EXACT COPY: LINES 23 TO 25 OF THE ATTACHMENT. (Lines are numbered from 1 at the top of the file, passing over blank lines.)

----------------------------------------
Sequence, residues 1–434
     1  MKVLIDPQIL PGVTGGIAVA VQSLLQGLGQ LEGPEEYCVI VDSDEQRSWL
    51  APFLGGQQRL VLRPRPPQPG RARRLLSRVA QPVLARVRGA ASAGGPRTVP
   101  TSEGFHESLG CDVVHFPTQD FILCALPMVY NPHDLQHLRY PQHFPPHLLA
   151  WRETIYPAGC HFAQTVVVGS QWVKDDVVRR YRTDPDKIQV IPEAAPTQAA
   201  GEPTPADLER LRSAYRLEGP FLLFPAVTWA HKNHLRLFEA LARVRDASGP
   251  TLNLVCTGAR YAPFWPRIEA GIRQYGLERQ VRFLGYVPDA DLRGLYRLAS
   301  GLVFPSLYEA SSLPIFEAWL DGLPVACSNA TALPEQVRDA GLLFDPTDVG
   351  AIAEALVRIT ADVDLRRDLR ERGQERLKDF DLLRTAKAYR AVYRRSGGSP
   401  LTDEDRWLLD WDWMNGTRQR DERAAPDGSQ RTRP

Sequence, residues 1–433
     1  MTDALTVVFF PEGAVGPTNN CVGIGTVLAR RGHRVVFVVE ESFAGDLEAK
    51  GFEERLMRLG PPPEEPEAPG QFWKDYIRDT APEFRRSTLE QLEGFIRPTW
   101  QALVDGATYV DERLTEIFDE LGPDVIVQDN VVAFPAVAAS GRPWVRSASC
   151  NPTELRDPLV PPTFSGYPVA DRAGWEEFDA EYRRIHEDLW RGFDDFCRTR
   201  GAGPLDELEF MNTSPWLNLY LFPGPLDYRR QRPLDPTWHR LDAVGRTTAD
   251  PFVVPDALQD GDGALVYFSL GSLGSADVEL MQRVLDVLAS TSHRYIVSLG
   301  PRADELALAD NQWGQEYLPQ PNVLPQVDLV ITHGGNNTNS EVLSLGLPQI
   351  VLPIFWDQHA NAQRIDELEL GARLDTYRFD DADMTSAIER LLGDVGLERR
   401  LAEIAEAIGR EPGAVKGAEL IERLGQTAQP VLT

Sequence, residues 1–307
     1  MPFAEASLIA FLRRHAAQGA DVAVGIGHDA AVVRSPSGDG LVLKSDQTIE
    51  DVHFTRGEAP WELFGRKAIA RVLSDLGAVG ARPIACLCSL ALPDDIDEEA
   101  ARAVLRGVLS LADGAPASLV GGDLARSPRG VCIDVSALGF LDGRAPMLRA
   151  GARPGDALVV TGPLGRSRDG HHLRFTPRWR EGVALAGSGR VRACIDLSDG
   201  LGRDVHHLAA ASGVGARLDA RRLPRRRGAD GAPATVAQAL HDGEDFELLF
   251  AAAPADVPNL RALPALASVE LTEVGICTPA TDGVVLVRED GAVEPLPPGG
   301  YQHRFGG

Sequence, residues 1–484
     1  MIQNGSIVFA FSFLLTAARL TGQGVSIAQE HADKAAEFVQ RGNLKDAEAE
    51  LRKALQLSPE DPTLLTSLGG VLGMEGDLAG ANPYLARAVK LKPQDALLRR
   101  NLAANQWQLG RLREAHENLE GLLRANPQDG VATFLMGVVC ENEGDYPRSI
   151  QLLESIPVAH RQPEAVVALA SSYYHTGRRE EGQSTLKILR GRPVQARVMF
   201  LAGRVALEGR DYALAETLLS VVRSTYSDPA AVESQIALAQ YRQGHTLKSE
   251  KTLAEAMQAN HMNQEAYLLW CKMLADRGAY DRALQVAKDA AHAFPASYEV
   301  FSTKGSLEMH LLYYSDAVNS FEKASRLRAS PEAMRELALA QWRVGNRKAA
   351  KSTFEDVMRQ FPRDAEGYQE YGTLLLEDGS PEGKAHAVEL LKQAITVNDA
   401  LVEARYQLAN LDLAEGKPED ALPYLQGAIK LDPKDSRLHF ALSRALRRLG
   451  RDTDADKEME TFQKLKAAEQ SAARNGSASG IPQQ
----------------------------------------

    51  DVHFTRGEAP WELFGRKAIA RVLSDLGAVG ARPIACLCSL ALPDDIDEEA
   101  ARAVLRGVLS LADGAPASLV GGDLARSPRG VCIDVSALGF LDGRAPMLRA
   151  GARPGDALVV TGPLGRSRDG HHLRFTPRWR EGVALAGSGR VRACIDLSDG